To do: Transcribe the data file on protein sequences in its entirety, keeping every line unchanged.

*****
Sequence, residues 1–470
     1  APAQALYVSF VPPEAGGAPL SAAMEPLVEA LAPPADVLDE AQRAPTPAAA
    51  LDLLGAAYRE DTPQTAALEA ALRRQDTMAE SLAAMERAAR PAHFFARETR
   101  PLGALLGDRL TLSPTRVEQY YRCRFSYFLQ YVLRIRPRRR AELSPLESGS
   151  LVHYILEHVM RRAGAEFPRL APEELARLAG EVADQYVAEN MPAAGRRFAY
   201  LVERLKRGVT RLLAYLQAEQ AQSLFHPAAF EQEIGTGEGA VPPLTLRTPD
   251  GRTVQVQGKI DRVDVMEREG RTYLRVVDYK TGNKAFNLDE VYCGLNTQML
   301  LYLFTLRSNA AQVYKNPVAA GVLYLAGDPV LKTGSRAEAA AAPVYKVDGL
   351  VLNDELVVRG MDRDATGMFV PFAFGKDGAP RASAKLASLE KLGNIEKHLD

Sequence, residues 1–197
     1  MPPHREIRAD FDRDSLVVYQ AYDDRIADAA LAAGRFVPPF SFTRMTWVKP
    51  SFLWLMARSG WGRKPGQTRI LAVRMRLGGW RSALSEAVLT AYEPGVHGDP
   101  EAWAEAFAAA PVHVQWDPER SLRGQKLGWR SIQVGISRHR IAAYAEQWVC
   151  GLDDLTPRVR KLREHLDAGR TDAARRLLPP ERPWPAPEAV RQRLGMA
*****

Sequence, residues 1–470
     1  APAQALYVSF VPPEAGGAPL SAAMEPLVEA LAPPADVLDE AQRAPTPAAA
    51  LDLLGAAYRE DTPQTAALEA ALRRQDTMAE SLAAMERAAR PAHFFARETR
   101  PLGALLGDRL TLSPTRVEQY YRCRFSYFLQ YVLRIRPRRR AELSPLESGS
   151  LVHYILEHVM RRAGAEFPRL APEELARLAG EVADQYVAEN MPAAGRRFAY
   201  LVERLKRGVT RLLAYLQAEQ AQSLFHPAAF EQEIGTGEGA VPPLTLRTPD
   251  GRTVQVQGKI DRVDVMEREG RTYLRVVDYK TGNKAFNLDE VYCGLNTQML
   301  LYLFTLRSNA AQVYKNPVAA GVLYLAGDPV LKTGSRAEAA AAPVYKVDGL
   351  VLNDELVVRG MDRDATGMFV PFAFGKDGAP RASAKLASLE KLGNIEKHLD

Sequence, residues 1–197
     1  MPPHREIRAD FDRDSLVVYQ AYDDRIADAA LAAGRFVPPF SFTRMTWVKP
    51  SFLWLMARSG WGRKPGQTRI LAVRMRLGGW RSALSEAVLT AYEPGVHGDP
   101  EAWAEAFAAA PVHVQWDPER SLRGQKLGWR SIQVGISRHR IAAYAEQWVC
   151  GLDDLTPRVR KLREHLDAGR TDAARRLLPP ERPWPAPEAV RQRLGMA